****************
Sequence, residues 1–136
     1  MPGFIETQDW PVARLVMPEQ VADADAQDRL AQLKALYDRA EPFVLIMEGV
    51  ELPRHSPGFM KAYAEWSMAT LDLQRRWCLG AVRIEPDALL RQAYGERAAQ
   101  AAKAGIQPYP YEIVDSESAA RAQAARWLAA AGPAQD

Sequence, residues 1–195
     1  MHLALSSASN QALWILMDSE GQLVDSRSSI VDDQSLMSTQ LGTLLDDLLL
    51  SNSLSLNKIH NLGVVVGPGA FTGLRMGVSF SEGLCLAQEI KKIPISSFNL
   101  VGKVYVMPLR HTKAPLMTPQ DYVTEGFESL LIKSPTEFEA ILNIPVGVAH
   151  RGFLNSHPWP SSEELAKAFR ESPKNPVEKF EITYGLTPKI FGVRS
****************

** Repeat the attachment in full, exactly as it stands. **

Sequence, residues 1–136
     1  MPGFIETQDW PVARLVMPEQ VADADAQDRL AQLKALYDRA EPFVLIMEGV
    51  ELPRHSPGFM KAYAEWSMAT LDLQRRWCLG AVRIEPDALL RQAYGERAAQ
   101  AAKAGIQPYP YEIVDSESAA RAQAARWLAA AGPAQD

Sequence, residues 1–195
     1  MHLALSSASN QALWILMDSE GQLVDSRSSI VDDQSLMSTQ LGTLLDDLLL
    51  SNSLSLNKIH NLGVVVGPGA FTGLRMGVSF SEGLCLAQEI KKIPISSFNL
   101  VGKVYVMPLR HTKAPLMTPQ DYVTEGFESL LIKSPTEFEA ILNIPVGVAH
   151  RGFLNSHPWP SSEELAKAFR ESPKNPVEKF EITYGLTPKI FGVRS